Summer is almost over, but it's not too soon to begin planning next summer's garden. Many bulbs flowering in late spring and summer should be planted this fall and winter: they are available at nurseries and online right now.
This article highlights three varieties of lilies which can enliven your garden with a succession of blooms from late spring into early fall when planted together. These lilies are hardy and long-lived, require low to moderate water, and little in the way of maintenance except for deadheading.
Daylily: ‘Stella de Oro'
Often the first to bloom is the Stella de Oro daylily, a variety in the genus Hemerocallis. The name Hemerocallis comes from the Greek words for day (hemera) and beauty (kallos) while ‘Stella de Oro' translates as “star of gold,” combining the Italian word for star with the Spanish word for gold.
‘Stella de Oro' is a deciduous perennial with two- to three-inch scented trumpet-shaped gold-yellow flowers. The foliage is also attractive, forming a dense clump that can function as a ground cover. It requires sun to light shade, low to medium water, and well-drained soil.
It is valued as a compact plant and an early bloomer, reaching a height of just one to two feet with a similar spread. In fact, its ability to rebloom over a long period and its adaptability to a wide range of planting zones and conditions make it perhaps the most popular of the daylilies. It blooms from May through July and sometimes into the fall, flowering most profusely if the spent blossoms are deadheaded. Pinch or cut the flower stem (with ovary) with your thumb and index finger or snap the flower stem off the scape in a quick, downward motion. Deadhead the flowers every third day, finally removing the stems when flowering has finished. Divide by splitting apart in fall or early spring.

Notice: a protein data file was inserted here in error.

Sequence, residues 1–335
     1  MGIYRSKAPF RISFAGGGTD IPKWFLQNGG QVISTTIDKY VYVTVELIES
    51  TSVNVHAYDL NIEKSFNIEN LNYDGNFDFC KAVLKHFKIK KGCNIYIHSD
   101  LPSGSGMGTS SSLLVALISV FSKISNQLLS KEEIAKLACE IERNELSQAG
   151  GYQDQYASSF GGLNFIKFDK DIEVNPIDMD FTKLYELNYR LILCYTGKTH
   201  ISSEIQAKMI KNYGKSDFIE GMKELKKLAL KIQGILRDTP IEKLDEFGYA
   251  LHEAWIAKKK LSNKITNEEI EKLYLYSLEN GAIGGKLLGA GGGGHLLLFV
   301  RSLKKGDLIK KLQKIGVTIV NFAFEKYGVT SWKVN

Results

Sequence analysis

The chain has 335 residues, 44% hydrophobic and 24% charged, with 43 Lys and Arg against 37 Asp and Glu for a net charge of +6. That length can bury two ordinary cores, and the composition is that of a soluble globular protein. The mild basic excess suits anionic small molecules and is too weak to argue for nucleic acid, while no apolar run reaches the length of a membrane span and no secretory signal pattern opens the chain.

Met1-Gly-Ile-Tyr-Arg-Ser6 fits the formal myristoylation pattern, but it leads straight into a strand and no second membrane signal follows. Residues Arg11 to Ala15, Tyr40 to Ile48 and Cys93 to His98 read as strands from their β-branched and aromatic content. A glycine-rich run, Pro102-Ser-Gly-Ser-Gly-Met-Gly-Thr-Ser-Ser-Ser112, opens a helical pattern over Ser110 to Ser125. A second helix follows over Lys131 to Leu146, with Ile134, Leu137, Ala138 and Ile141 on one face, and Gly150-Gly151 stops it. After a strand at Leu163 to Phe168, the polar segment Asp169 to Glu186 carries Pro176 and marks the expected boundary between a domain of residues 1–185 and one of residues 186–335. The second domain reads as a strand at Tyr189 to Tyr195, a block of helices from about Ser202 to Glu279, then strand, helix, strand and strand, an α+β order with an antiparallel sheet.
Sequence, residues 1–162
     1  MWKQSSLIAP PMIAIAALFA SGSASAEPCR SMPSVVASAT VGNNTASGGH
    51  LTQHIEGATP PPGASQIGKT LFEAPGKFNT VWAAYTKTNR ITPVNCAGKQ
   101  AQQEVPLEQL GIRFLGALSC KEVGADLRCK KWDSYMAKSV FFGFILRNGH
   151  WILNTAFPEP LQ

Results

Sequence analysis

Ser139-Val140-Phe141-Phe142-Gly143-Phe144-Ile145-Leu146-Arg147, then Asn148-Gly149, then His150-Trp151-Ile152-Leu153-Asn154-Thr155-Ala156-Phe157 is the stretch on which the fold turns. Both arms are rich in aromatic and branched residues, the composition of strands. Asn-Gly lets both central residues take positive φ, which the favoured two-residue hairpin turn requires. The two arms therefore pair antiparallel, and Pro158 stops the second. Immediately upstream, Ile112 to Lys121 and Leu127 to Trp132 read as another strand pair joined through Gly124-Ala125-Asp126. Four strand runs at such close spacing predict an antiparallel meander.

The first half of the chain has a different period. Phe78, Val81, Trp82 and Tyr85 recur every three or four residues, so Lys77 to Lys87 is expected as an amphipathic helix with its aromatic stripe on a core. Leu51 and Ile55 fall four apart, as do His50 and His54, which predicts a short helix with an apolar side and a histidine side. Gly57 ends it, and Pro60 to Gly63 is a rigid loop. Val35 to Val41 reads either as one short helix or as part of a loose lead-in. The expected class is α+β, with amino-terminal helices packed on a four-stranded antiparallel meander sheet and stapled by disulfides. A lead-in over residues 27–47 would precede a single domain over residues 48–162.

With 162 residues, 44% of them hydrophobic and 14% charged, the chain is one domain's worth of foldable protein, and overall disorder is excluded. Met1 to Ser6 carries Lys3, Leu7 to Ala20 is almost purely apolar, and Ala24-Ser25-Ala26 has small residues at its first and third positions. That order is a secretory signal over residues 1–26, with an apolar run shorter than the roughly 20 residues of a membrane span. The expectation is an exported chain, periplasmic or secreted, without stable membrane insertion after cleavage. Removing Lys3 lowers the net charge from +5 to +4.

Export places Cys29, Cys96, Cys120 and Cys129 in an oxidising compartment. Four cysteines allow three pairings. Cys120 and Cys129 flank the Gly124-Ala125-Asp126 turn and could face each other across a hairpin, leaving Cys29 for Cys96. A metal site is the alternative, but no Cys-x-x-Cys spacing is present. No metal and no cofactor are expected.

‘Stella de Oro', and daylilies in general, are often grown in borders and massed in beds. They are rabbit-proof and deer-resistant. You can cut the flowers to bring inside, add them to salads for a peppery flavor, or leave them to attract butterflies.
Lily of the Nile: ‘Storm Cloud'
The Lily of the Nile genus ‘Agapanthus' derives from the Greek words for love or friendship (agape) and flower (anthos). Agapanthus africanus ‘Storm Cloud' agapanthus is a low-maintenance perennial that can be deciduous or evergreen, depending upon weather conditions. The plants are two to three feet wide with abundant dark green, glossy, strap-shaped leaves. In late June the large umbels (clusters) of deep blue, trumpet-shaped flowers rise far above the foliage on strong three- to four-foot stems and persist through August. Plant in full sun or part shade and provide moderate water. ‘Storm Cloud' can survive a pretty brutal drought, perhaps looking a bit shabby but recovering nicely. It is hardy to 20-25 degrees Fahrenheit. Bees, butterflies, and hummingbirds love it, but deer steer clear. Agapanthus is toxic to humans if ingested.
It is best to divide overcrowded clumps of Agapanthus after flowering, but it can be done any time. Use a very sharp knife to cut a clump into sections, each with roots attached. This is a job that needs to be done only every five years or so.